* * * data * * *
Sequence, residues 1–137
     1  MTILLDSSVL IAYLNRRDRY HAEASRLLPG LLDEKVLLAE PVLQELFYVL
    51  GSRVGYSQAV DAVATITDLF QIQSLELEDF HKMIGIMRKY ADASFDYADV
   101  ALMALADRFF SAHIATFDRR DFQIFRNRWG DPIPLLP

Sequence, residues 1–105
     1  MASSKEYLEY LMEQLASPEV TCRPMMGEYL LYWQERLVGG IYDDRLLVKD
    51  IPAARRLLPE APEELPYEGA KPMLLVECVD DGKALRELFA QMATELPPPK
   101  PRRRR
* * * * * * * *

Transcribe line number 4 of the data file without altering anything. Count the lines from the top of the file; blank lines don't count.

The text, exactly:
   101  ALMALADRFF SAHIATFDRR DFQIFRNRWG DPIPLLP